Reading has always been a huge part of my life – I struggle to think how different I would be if I hadn’t had the influences of Harry Potter and endless books on magic and fairies. Books are a way of exploring the world from the safety of your own home, a way of learning new things and seeing that your horizons are so much bigger than you ever thought possible. This is especially important for these children who, without TBP, have very little access to books. To see their excitement over reading and coming to the library is amazing – there are few Western children I know who display that same enthusiasm.

Which brings us to what I am doing.

Every morning, I’m at the school teaching English to Class 3 upwards. In the afternoons I’m in the
library, playing and reading with the kids.


Teaching English is so so much harder than I expected. None of these children have learnt any English before – it’s crazy how much I assumed they would already know. Our first lesson was Hello, my name is… Where do you come from? I decided learning phrases is better at this stage than starting right at the beginning of grammar. But seriously, it is so difficult.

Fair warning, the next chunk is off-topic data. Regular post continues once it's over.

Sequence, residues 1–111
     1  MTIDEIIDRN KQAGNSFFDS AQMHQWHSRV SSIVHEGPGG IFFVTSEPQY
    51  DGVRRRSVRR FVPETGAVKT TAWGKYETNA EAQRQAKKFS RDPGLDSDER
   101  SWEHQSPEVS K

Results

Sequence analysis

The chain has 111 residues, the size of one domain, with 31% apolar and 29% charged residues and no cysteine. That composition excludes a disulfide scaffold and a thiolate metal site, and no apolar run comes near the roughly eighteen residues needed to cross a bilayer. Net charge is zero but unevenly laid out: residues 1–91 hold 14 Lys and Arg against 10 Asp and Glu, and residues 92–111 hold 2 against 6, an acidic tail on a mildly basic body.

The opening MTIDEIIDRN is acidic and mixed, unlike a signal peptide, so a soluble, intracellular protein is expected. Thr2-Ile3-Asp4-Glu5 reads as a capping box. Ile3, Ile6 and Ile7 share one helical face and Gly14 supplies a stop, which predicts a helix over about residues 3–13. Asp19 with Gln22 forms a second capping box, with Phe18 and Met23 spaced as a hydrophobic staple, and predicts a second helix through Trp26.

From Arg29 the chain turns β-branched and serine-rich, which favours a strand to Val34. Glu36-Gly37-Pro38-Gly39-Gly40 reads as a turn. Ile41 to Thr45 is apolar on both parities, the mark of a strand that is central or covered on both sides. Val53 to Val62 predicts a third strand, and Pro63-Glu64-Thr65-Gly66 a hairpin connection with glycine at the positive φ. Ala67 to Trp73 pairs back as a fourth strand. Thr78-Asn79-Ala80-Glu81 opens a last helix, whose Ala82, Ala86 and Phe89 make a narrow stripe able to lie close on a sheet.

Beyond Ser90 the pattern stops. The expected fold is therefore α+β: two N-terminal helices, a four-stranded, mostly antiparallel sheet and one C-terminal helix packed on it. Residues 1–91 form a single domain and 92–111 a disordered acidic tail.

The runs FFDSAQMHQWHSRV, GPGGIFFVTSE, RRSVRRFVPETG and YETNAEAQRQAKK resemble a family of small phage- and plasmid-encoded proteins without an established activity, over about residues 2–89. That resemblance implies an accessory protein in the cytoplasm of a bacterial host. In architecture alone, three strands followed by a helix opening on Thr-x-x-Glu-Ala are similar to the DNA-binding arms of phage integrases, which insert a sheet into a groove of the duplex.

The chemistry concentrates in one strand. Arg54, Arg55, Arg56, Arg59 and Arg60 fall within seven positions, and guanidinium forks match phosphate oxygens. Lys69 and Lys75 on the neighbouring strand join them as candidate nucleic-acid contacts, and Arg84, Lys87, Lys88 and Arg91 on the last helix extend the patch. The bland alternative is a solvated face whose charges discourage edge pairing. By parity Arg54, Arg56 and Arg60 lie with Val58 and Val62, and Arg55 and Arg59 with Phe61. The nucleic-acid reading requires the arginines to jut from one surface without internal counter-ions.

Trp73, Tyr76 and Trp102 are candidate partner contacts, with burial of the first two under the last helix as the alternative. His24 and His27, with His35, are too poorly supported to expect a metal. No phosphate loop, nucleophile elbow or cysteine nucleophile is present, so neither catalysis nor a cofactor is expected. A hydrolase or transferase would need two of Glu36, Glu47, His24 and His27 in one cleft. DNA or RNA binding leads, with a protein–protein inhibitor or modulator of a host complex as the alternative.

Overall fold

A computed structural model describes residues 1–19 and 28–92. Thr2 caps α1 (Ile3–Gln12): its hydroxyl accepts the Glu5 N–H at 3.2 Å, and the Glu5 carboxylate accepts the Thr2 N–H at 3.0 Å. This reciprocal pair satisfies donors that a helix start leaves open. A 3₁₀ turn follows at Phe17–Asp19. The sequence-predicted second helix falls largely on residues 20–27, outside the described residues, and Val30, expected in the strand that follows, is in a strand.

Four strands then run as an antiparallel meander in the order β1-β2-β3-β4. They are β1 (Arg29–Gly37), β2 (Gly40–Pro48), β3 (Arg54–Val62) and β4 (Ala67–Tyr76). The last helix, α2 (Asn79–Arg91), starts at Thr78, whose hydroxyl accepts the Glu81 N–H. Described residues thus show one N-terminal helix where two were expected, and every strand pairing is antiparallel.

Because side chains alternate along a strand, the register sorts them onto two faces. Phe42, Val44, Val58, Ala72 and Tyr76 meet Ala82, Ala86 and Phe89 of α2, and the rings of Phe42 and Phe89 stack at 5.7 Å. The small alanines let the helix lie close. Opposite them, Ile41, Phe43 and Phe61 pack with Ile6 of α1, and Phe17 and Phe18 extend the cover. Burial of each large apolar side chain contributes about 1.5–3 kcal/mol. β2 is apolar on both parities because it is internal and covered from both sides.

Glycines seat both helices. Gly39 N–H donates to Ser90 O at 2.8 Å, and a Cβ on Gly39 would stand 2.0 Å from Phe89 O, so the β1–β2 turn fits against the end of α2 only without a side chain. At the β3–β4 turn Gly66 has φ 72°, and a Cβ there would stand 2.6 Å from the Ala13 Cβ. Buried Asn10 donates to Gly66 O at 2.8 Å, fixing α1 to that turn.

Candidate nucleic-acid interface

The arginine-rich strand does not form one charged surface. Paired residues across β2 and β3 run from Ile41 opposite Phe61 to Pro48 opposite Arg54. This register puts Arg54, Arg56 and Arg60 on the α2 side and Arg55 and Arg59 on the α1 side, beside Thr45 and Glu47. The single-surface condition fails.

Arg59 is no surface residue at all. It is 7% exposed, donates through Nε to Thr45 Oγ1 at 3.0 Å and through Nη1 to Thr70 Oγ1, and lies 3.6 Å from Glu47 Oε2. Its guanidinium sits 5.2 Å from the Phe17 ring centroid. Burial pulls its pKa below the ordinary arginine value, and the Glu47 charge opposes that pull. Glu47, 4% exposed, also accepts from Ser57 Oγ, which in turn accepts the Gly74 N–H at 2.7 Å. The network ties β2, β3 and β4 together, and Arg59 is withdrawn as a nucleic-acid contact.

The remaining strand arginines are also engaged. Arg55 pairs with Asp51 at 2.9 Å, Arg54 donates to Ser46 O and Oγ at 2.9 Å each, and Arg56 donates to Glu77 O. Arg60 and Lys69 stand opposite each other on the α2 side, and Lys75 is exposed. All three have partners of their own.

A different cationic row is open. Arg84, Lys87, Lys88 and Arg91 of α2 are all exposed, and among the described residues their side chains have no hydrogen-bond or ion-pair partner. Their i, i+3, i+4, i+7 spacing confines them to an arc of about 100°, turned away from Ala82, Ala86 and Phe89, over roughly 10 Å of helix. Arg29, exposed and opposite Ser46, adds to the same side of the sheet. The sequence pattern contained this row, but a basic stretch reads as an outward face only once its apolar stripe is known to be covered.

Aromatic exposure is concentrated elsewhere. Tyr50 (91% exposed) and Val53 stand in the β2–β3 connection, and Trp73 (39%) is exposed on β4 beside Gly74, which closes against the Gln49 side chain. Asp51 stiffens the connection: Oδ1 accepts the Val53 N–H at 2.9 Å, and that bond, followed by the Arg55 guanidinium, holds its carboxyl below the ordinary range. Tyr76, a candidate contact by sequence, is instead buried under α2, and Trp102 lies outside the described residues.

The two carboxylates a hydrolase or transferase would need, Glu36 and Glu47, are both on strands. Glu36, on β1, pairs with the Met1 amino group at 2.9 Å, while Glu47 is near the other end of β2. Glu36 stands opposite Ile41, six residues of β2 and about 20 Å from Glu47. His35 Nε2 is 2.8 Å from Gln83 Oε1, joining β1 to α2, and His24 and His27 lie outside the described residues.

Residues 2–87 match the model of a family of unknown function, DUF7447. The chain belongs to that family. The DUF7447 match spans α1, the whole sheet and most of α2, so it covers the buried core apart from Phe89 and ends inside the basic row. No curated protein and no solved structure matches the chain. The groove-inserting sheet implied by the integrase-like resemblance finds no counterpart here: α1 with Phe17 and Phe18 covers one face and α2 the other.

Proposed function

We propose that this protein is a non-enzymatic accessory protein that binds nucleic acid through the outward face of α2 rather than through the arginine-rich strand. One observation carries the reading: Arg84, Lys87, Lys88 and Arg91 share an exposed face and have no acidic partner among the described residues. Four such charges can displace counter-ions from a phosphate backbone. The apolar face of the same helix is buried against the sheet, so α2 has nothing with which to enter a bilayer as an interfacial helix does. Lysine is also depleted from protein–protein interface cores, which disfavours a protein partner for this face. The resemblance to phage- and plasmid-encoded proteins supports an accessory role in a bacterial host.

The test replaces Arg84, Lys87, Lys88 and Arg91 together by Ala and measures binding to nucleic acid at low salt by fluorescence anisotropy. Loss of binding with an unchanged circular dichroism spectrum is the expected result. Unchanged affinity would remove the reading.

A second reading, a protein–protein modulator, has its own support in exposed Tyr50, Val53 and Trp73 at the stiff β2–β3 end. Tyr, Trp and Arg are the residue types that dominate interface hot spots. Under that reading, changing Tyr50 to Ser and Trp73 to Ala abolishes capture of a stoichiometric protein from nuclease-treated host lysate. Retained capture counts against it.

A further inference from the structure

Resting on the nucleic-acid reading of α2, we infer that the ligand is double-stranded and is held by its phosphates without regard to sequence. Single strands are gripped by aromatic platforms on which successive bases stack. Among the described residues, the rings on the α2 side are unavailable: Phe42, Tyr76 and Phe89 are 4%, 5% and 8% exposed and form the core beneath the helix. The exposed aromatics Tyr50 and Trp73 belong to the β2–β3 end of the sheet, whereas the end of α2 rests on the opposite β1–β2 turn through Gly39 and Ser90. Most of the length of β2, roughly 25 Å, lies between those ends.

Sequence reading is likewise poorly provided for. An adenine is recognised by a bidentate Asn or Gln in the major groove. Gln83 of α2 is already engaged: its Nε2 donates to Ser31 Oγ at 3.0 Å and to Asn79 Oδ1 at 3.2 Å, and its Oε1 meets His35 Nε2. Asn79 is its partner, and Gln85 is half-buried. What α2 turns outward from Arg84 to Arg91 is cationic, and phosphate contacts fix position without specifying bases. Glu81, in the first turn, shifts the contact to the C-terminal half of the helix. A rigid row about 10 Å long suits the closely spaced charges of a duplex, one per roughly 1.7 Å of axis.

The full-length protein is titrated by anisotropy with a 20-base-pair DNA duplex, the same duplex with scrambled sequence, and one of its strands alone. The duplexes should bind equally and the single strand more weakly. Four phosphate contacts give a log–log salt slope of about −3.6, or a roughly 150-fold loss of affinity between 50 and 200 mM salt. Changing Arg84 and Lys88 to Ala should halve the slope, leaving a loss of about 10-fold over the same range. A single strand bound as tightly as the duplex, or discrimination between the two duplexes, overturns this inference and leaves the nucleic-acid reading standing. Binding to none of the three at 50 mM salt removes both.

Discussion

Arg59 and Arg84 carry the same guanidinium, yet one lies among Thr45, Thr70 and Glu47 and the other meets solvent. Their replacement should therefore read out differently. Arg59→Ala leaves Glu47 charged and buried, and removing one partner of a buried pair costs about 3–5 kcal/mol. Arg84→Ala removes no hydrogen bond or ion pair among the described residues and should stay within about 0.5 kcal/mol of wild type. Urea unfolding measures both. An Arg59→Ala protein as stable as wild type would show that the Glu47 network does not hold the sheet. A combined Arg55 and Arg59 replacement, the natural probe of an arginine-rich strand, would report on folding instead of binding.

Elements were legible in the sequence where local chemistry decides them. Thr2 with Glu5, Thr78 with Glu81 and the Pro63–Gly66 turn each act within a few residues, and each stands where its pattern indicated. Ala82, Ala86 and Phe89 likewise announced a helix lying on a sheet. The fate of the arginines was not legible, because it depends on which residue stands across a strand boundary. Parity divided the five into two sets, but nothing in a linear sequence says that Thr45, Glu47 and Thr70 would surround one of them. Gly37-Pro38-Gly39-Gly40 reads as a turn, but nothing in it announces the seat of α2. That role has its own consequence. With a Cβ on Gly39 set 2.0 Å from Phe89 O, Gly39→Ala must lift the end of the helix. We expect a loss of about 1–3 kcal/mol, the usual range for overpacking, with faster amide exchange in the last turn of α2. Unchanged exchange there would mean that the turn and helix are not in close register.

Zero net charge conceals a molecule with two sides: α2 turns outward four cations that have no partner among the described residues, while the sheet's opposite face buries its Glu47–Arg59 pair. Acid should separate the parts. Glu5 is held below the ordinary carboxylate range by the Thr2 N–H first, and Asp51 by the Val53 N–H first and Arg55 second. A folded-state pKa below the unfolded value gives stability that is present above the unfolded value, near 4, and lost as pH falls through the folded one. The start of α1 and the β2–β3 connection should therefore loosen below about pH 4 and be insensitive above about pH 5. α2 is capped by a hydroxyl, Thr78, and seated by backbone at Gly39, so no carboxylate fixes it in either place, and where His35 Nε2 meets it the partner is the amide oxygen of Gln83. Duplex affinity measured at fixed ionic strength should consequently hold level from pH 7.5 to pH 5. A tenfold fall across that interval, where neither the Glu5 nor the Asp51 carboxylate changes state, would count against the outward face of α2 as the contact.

Children start SD (primary school) at six and end at thirteen – that means classes of twenty hyperactive children! It doesn’t help that a lot of the younger ones aren’t fluent in Bahasa Indonesia yet. Here, the local language is Bahasa Manggarai. (Throughout Indonesia, individual tribes and areas have their own languages – Bahasa daerah). Most days I end up coming home with a crazy headache and ringing ears. And then I hear them call out Good Afternoon in the middle of the street and I’m reminded why it is worth it.

After two hours of teaching and feeling like I’m about to fall asleep where I stand, I’m home again for my two hour break (naptime – everyone does it) before 3:00pm when the library opens again.


The afternoon library session is very different to the mornings. In the mornings, each class has a compulsory hour in the library: the teachers carry out reading activities and encourage the children to learn from the books. In the afternoons, I want the children to be coming because they want to. At first, the Principal – Bapak Alo (I live with him) – told everyone it was compulsory.